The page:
Jonathan Hickman Addresses Marvel's X-Men Timeline Errors

Marvel has reinvented the entire world and mythology with writer Jonathan Hickman's 'House of X' [...]

Marvel has reinvented the entire world and mythology with writer Jonathan Hickman's "House of X" event series, setting the stage for a full-on X-Men reboot in this week's "Dawn of X" launch. House of X wasn't just the introduction to a new world of X-Men - it was also a much-needed tidying up of the franchise's extremely convoluted continuity. Hickman largely succeeds in retconning much of the X-Men continuity in excitingly fresh ways - but some fans have been highly-critical of the new Marvel's new X-Men timeline, and how the math of it adds up. Now Jonathan Hickman himself is speaking up X-Men's timeline, and his attempts to straighten it out.

According to Hickman himself, House of X was far from perfect in terms of establishing a fully-accurate X-Men timeline. While doing an interview with AIPT, Hickman was specifically asked about his decision to cram several big X-Men events into just a three-year period of the X-Men's lives:

Q: "Can you explain why you've smashed Genosha, House of M, "Messiah Complex," the Utopia period, the Schism, all of Wolverine and the X-Men, Secret Wars II, Civil War II, IVX, and Uncanny X-Men vol. 5 into a three-year period for Moira X? It doesn't make sense in a book so fixed on time passing." --Murphy Leigh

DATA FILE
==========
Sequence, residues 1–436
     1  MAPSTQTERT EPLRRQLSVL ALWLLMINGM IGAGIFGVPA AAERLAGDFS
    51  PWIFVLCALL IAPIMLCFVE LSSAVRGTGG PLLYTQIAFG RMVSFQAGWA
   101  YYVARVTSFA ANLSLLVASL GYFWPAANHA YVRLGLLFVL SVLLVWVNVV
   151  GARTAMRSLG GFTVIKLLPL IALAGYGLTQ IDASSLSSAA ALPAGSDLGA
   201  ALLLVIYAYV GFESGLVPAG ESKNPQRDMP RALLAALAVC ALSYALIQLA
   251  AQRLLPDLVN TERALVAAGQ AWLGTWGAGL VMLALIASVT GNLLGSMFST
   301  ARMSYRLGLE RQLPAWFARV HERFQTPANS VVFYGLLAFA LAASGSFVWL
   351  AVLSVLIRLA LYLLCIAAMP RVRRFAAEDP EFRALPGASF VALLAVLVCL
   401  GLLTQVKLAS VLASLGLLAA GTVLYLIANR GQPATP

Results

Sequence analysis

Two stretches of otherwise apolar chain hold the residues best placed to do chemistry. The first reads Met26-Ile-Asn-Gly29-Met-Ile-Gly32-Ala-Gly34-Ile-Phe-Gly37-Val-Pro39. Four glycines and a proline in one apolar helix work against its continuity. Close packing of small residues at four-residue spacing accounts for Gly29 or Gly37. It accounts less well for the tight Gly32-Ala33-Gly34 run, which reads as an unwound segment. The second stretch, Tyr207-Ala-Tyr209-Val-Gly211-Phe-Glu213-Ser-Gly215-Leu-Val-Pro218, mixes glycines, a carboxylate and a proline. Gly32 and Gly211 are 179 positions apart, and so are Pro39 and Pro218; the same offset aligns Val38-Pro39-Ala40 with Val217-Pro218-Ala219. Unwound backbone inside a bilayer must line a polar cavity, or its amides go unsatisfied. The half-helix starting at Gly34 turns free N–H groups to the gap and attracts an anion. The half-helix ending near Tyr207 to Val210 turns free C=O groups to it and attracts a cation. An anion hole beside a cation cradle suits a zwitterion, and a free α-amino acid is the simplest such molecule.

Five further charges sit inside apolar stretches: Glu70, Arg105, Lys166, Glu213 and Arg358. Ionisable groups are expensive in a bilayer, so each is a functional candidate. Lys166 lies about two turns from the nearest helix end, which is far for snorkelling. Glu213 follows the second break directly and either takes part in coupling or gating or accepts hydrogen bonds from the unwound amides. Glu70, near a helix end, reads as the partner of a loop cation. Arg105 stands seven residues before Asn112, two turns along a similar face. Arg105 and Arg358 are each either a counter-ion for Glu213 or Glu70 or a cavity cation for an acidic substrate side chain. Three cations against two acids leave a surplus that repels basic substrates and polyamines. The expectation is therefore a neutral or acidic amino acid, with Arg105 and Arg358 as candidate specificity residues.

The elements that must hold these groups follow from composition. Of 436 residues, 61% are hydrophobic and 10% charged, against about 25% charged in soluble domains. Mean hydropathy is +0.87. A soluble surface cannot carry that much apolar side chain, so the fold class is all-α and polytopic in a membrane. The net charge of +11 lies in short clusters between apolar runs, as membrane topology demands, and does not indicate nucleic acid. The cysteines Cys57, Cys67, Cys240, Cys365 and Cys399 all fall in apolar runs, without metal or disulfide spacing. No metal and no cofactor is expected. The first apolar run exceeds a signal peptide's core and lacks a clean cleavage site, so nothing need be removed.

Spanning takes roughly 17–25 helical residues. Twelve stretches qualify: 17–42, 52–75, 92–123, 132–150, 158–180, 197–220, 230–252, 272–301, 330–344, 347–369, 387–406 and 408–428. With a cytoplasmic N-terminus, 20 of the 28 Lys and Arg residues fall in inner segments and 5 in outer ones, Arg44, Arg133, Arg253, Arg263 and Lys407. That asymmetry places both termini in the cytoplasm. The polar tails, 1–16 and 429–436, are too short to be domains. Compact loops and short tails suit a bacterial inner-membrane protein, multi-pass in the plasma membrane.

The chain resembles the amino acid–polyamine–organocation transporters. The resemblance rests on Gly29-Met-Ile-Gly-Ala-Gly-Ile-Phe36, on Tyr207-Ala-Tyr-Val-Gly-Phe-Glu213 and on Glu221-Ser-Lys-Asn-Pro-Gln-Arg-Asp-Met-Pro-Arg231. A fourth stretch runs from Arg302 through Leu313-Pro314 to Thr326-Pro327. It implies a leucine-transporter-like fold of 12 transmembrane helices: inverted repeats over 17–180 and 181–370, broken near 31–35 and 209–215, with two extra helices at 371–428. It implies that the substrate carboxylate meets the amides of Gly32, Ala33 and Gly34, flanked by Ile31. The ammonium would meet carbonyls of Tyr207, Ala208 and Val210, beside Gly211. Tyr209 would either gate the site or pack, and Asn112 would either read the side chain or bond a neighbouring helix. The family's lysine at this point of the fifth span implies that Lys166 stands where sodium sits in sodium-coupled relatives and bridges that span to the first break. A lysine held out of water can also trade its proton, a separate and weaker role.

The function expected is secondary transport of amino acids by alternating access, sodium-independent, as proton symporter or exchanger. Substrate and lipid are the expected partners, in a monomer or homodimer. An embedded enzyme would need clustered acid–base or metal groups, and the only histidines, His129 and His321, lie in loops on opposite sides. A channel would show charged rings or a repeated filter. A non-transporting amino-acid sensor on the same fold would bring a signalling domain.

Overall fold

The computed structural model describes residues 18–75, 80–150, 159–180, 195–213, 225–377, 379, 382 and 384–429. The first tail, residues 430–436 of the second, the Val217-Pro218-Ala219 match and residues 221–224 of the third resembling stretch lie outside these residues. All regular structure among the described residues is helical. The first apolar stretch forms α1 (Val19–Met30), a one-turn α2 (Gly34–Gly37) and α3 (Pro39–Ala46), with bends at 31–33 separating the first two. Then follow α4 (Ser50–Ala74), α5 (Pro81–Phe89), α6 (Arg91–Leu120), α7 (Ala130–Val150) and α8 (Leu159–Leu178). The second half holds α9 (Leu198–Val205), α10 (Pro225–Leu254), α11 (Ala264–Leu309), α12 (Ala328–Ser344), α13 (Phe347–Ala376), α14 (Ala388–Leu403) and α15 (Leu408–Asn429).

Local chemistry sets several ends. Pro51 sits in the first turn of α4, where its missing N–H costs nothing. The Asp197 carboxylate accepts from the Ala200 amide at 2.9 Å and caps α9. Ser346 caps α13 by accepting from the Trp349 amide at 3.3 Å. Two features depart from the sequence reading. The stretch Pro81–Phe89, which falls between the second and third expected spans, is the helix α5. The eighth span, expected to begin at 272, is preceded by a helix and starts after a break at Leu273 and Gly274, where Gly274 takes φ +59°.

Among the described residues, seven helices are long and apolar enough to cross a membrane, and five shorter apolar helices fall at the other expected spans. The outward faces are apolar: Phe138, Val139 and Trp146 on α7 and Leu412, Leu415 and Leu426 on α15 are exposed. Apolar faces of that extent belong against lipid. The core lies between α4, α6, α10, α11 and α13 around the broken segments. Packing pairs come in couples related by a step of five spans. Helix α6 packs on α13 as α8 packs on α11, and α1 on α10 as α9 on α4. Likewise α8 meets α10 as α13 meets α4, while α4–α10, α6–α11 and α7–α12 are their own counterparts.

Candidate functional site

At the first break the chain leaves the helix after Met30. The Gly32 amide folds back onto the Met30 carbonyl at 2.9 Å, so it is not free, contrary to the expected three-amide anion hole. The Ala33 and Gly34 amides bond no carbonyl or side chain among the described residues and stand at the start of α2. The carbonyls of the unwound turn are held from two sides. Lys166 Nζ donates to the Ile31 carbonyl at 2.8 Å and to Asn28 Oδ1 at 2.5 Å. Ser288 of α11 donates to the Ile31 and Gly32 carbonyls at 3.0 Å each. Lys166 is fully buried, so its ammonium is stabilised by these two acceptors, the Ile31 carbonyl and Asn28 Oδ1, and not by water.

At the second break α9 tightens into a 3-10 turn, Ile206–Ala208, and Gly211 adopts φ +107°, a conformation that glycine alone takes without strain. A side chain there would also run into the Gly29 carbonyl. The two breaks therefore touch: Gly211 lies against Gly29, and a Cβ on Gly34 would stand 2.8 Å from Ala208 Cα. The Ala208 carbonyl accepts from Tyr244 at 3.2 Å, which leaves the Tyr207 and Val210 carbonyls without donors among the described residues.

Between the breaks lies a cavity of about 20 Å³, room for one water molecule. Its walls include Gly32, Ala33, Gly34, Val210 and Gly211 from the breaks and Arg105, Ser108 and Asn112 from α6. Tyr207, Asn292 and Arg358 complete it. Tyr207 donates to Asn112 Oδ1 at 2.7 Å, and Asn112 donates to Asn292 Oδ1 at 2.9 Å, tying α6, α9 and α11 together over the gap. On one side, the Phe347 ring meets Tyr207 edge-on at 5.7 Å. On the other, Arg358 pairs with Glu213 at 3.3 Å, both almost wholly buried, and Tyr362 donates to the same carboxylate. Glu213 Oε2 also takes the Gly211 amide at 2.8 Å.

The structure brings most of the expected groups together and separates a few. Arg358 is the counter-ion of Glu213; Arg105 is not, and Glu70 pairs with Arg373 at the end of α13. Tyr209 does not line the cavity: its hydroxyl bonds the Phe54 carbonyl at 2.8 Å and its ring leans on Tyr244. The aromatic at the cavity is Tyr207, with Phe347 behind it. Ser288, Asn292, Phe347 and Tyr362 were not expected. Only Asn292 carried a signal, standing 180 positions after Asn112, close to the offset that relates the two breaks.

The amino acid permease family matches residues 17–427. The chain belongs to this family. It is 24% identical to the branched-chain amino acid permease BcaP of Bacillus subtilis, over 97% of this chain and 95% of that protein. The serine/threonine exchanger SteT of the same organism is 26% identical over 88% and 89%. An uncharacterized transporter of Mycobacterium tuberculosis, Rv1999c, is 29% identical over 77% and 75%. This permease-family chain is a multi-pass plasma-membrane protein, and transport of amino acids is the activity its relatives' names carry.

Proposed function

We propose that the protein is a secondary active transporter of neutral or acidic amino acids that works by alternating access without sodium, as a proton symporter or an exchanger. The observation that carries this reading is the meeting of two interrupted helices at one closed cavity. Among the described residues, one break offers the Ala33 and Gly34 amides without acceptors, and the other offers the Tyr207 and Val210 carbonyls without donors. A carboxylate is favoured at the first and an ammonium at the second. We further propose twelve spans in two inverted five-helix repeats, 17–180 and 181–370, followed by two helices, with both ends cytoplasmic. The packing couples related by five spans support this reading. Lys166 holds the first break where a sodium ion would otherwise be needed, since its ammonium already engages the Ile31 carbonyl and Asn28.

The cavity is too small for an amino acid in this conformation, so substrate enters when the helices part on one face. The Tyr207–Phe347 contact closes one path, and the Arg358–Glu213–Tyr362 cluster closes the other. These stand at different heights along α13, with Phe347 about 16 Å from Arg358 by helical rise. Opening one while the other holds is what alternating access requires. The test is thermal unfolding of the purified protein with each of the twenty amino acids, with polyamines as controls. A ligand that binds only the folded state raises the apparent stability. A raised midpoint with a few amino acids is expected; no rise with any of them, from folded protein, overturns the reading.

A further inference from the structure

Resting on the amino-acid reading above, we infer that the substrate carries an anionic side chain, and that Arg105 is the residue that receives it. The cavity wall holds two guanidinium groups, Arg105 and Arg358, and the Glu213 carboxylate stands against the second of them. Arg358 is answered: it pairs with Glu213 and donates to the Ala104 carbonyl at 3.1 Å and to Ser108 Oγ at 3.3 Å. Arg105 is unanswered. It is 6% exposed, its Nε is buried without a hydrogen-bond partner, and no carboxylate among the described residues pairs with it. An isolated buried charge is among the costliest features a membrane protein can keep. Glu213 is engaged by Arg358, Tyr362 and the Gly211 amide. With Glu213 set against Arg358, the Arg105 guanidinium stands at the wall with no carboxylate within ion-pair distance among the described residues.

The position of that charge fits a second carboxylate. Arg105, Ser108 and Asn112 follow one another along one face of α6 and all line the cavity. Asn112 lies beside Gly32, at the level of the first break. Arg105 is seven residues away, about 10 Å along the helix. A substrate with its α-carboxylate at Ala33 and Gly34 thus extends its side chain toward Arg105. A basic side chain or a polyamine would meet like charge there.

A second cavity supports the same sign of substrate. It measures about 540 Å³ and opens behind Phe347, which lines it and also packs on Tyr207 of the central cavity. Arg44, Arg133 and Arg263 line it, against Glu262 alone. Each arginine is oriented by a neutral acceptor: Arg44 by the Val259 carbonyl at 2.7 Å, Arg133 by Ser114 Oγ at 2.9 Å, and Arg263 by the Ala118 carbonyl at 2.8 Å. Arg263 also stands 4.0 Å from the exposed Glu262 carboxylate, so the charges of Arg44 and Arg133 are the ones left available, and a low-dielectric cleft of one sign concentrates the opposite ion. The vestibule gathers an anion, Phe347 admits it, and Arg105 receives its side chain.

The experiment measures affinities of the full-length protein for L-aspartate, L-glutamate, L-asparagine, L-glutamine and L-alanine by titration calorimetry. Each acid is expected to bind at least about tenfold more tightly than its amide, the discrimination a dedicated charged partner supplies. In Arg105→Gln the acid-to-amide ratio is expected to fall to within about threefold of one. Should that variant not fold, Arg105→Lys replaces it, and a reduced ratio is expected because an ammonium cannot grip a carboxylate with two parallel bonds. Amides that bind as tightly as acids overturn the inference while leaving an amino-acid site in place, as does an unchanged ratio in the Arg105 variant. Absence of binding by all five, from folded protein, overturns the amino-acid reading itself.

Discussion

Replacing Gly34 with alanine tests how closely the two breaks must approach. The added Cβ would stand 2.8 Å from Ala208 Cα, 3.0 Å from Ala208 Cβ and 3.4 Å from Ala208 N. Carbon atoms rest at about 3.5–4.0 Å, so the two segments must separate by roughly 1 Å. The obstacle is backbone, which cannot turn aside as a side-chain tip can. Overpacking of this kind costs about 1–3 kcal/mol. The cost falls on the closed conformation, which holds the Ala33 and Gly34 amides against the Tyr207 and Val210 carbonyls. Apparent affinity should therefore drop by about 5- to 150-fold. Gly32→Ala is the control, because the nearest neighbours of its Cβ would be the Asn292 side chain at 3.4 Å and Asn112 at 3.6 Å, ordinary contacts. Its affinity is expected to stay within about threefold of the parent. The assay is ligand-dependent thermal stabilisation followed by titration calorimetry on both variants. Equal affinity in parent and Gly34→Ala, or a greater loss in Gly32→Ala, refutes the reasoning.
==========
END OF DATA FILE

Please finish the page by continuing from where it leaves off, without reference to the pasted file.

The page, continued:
In response, Hickman acknowledges that the timeline doesn't make sense according to conventional measures of time - but it does work in terms of Marvel Universe time:

"You're right. The math doesn't work. The math also doesn't work for a single other long-running book in the Marvel universe. I personally don't believe that those things took place in that duration of time, but on a sliding continuity timeline, I'm also wrong."

If you're unfamiliar, a "Sliding Timescale" is a Marvel Comics storytelling device that posits that the flow of time within the Marvel 616 Universe (and related universes) occurs at much slower pace than the flow of actual time in over which comic book stories are published. It was introduced in the '70/80s ear of Marvel Comics, as means of explaining how characters can be in comics for decades without any noticeable aging. In 2007 it was established as official universe canon in Official Handbook of the Marvel Universe A-Z #2.

So, while even Jonathan Hickman doesn't quite agree with the parameters of a three-year timeline he had to create around the X-Men's story from the 2000s - 2010s, it does make sense on a Marvel sliding timescale. At the end of the day, it's probably best not to think too hard about it.

House of X and Powers of X are now done, with six issues of each book available for sale. Jonathan Hickman's X-Men #1 is also now on sale.